This is an interesting statement since Jesus is saying that what is deemed worthy in the act is not the charity of quenching thirst (whether this is simple hospitality or the life-saving draught of a person in the desert is irrelevant), but the fact that the drink is offered because the receiver “bears the name of Christ.” The person giving the drink is doing so in honor and recognition of the one the receiver represents. This is like receiving the emissary of the king, one treats the emissary as if it were the king himself.
But notice that the nature of the person offering the drink is not specified. They are not offering the drink “in the name of Jesus,” as the person casting out the demon was, and yet they will “by no means lose the reward.” Is this a statement that it doesn’t matter who you follow or what you believe, so long as you graciously welcome the followers of Christ you too shall receive “the reward” (and what is that reward? in this context it is not clear). Perhaps, but I think that would be pushing a bit too far, given the rest of not only Mark, but the New Testament. In its immediate context, there is certainly an emphasis upon humility. “If any one would be first, he must be last of all and servant of all,” Jesus says in verse 35. The person offering the drink of water is serving others and this is preferable to jockeying for position to see who is the greatest of all and will set at Jesus’ right hand.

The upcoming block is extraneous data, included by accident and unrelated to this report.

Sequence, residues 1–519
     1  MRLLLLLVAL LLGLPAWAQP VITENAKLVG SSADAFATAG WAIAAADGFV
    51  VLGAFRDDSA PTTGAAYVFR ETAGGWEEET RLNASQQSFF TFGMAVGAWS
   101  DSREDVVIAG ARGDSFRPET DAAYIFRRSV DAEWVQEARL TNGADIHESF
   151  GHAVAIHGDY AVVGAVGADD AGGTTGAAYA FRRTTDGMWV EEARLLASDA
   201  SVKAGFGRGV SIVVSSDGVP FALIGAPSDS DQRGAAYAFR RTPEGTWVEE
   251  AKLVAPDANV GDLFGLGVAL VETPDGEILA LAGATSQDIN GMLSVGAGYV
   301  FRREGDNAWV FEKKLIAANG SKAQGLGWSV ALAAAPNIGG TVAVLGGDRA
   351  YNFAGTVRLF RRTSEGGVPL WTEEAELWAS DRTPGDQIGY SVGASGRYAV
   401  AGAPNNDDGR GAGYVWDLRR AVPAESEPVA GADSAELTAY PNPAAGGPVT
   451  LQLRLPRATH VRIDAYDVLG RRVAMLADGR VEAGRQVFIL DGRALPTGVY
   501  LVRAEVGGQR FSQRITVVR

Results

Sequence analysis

“Whoever is not against us is for us.” What does Jesus mean? Well, he is cleary rebuking his disciples. They are arguing over who among them is the greatest (Mark 9:34) and they are certainly setting up boundaries between “us” and “them.” This passage is a sustained lesson on humility and servanthood. The man is healing “in Jesus name” and that means that he is, in some way, a believer in the Christ. (Notice the use of that title in verse 41, it is not a generic acceptance of Jesus as a wise man or healer; he is the anointed one of God.) And belief in Jesus as the Messiah is central to these teachings, as seen in verse 42, “Whoever causes one of these little ones who believe in me to sin, it would be better for him if a great millstone… “etc.
This conversation is still taking place within the Jewish community. Jesus is certainly widening the disciples view, he is saying that there are far more people who believe in me and are being used by God than you are willing to recognize, but they recognize me. We may view Catholics as overwrought and archaic, but they believe in Jesus. Episcopalians may think that all other Christians are too judgmental (ironic, isn’t it?) and yet we must acknowledge that we worship the same Lord Jesus.
Finally, let’s consider the inverse parallels mentioned earlier from Matt. 12:30 and Luke 11:23. ((Some consider these sayings the “more original” source of the Markan statement. (See Fitzmeyer, Anchor Bible Commentary, I don’t have the citation.) )) Jesus has been healing people and casting out demons and is accused of only being able to do so “by Beelzebul, the prince of demons.” Jesus responds by asking if a house divided against itself can stand (it cannot) and goes on to say,